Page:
A Deputy Minister of Energy, Andrew Egyapa Mercer, has said that the drastic reduction in fossil fuel projects by Western nations coupled with the revision of businesses by exploration companies are threats to Ghana’s growing oil sector.
“There exists a real risk of stranded assets owing to Ghana’s vast unexploited oil and gas reserves.
The aforementioned notwithstanding, Ghana still regards its crude as a resource vital for national development and the very medium it can use to fund its way to a net-zero status,” he said.
Mr Mercer stated this when he delivered a key note address at the Africa Energies Summit 2022 in London.
It was attended by key energy players investing in the continent and decision-makers from corporate players active in Africa through to fast-moving independents, finance, legal service and supply companies, and African governments and national oil corporations seeking investors.
Mr Mercer noted that the intermittent nature of renewable energy sources, as well as the cost implication of technology required to effectively harness same, rendered renewables incapable of satisfying baseload demands.
He said for Ghana and other African nations, natural gas had been identified as the transition fuel of choice, a conclusion which necessitated the continuation of responsible oil and gas exploration and production.
“Also noteworthy is the fact that petroleum products will remain a need for some decades in spite of the global shift away from fossil fuels,” he added.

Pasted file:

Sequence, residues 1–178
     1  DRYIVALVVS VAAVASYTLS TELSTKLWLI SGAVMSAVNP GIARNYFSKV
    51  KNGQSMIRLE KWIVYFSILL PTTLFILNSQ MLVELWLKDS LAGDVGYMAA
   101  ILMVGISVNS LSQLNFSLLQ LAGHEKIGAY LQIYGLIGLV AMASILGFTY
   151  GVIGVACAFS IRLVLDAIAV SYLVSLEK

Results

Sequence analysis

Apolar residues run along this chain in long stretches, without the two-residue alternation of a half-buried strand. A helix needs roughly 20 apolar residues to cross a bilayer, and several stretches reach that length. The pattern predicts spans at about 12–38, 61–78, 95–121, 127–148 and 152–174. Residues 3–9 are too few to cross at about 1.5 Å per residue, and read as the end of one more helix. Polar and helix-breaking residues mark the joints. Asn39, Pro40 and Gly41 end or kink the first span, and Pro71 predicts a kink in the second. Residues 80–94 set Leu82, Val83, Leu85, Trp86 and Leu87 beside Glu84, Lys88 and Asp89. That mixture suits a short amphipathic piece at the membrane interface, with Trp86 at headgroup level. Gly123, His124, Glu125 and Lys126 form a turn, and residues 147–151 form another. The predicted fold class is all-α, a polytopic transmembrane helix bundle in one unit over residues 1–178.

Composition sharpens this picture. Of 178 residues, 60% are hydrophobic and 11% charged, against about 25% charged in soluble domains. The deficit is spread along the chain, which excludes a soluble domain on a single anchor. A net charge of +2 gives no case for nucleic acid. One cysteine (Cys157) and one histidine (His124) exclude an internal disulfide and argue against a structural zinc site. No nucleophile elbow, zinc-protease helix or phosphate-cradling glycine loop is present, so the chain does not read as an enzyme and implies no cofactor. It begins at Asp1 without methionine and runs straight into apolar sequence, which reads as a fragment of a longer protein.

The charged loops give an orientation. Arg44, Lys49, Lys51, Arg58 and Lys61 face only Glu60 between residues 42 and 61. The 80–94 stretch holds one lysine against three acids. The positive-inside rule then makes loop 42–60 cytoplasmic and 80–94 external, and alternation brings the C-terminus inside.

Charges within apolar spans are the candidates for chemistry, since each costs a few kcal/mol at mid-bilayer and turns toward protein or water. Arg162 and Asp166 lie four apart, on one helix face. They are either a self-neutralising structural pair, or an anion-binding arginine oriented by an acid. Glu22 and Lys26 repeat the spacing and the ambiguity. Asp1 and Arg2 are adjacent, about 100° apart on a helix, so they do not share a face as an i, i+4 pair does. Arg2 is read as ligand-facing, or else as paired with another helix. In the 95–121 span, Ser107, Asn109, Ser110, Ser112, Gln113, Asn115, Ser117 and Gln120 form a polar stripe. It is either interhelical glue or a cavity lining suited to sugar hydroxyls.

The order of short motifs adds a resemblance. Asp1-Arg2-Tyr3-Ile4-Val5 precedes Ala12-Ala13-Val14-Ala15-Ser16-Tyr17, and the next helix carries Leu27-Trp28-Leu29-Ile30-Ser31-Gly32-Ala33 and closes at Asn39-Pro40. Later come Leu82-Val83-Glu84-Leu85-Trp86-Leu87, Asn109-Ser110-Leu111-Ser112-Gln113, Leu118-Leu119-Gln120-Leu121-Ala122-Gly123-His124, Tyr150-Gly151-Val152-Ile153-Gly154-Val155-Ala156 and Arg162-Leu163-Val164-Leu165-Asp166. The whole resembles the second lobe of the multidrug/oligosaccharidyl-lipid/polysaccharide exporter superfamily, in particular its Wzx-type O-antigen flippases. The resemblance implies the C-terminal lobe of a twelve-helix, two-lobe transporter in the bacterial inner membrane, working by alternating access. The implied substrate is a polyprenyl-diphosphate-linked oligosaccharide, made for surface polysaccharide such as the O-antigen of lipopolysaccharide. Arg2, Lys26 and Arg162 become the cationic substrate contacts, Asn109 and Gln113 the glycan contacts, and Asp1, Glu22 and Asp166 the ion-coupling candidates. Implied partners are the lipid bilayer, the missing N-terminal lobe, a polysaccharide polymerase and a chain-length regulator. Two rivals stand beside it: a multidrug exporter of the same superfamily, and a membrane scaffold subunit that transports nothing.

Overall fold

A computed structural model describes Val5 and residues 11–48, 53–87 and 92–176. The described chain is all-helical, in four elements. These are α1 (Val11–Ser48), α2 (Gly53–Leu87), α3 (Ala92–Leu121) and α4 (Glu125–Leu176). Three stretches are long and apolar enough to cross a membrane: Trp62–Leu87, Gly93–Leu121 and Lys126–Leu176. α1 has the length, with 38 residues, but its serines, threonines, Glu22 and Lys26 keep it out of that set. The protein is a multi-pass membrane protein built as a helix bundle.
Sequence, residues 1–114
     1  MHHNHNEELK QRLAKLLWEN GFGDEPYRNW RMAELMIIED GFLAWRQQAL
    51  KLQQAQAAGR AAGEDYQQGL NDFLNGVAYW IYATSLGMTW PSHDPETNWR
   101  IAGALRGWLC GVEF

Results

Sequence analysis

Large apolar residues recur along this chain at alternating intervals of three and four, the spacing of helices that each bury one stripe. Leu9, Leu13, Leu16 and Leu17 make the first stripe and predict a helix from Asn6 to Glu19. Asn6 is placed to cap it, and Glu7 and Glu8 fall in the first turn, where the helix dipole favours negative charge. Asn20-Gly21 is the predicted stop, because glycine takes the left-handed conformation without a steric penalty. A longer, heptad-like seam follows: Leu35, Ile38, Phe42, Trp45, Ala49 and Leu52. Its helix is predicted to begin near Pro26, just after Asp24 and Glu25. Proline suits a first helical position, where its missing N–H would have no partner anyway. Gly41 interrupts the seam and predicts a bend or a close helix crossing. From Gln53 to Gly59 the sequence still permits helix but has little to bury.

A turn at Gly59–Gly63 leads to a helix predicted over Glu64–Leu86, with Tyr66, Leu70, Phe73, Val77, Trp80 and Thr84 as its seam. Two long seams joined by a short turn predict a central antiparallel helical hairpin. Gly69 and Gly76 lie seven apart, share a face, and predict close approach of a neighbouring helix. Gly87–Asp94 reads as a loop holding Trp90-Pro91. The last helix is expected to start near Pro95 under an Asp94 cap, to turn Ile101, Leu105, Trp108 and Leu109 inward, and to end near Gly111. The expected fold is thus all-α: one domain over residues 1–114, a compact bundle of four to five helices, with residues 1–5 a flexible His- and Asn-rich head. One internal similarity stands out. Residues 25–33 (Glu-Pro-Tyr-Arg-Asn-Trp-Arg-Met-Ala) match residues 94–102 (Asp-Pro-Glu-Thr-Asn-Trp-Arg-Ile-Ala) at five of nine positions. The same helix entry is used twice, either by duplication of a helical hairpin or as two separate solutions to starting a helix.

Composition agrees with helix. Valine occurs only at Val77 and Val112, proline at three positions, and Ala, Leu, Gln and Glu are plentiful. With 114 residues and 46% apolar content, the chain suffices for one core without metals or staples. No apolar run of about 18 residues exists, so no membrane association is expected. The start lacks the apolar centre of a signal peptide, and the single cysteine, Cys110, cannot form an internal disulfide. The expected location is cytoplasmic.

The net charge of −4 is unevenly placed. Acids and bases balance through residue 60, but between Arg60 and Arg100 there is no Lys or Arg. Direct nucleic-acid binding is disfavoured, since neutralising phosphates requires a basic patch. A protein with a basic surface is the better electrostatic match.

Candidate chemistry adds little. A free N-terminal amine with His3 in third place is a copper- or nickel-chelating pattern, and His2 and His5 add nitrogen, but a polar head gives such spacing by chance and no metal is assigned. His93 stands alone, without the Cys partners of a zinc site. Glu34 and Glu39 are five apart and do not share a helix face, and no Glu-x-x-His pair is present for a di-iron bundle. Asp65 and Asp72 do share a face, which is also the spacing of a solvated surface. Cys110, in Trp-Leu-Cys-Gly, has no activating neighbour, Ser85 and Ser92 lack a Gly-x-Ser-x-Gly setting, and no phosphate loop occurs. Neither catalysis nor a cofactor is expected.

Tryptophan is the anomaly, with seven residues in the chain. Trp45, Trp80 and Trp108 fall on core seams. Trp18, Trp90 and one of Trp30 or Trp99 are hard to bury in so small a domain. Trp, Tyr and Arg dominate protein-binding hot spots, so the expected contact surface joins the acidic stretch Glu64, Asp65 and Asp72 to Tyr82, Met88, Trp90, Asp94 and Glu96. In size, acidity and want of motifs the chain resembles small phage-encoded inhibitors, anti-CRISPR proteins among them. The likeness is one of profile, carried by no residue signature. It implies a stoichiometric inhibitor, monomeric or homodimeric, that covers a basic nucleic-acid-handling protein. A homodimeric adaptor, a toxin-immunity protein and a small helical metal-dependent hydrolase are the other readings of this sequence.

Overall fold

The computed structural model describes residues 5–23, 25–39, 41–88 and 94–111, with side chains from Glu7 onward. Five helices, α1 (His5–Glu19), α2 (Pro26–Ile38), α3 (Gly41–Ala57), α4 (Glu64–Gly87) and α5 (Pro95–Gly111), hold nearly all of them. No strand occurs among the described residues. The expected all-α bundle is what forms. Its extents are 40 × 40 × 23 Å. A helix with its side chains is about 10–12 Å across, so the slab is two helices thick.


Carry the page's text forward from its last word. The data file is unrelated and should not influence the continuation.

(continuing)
Mr Mercer told the investors that in the light of this reality and in line with Ghana’s ambition of becoming a hub for refined petroleum products in West Africa by 2030, the country had launched the Petroleum Hub project.
“The hub is intended to feature three refineries, each with a minimum production capacity of 300,000 barrels per day; five petrochemical plants, industrial and storage infrastructure. Some 20,000 acres of land has been secured in the Jomoro Municipality of the Western Region of Ghana for this project,” he indicated.
He stressed that Ghana was open to investments in the hub, explaining that factors like the central location of the country and access to vibrant shipping routes, which provided easy access to regional markets, made the hub project viable.
Mr Mercer added that Ghana had seen the need to develop a National Energy Transition Plan to guide her journey towards attaining net-zero status at a pace realistic to her peculiar circumstances.
Mr Mercer urged the world to sympathise and come to terms with the continent’s dire need for basic development with the resources available, whilst honouring collective energy commitments more so because Africa’s total contribution to global carbon emissions stood at less than four per cent.
He said it was incumbent on African nations to employ new and innovative methods to attract energy finance and investment.
“Local technical capacity must be speedily enhanced to reduce reliance on Western support, and energy-related cross-border collaborations amongst African nations must be encouraged.
This would ultimately ensure that African nations derive maximum value from its oil and gas resources,” he added.
He advised that energy transition was coming with some merits which African states must pay close attention to, including the opportunity for industrial, while stressing that commercial venture into the renewables market had the potential for revenue generation, job creation and energy security enhancement.
“Ghana’s recent discovery of high-grade lithium is an opportunity the Government intends to leverage on in exploring the real possibility of manufacturing solar batteries locally.
The naturally occurring sunshine has also become a commodity which African countries must position themselves to fully harness,” Mr Mercer added.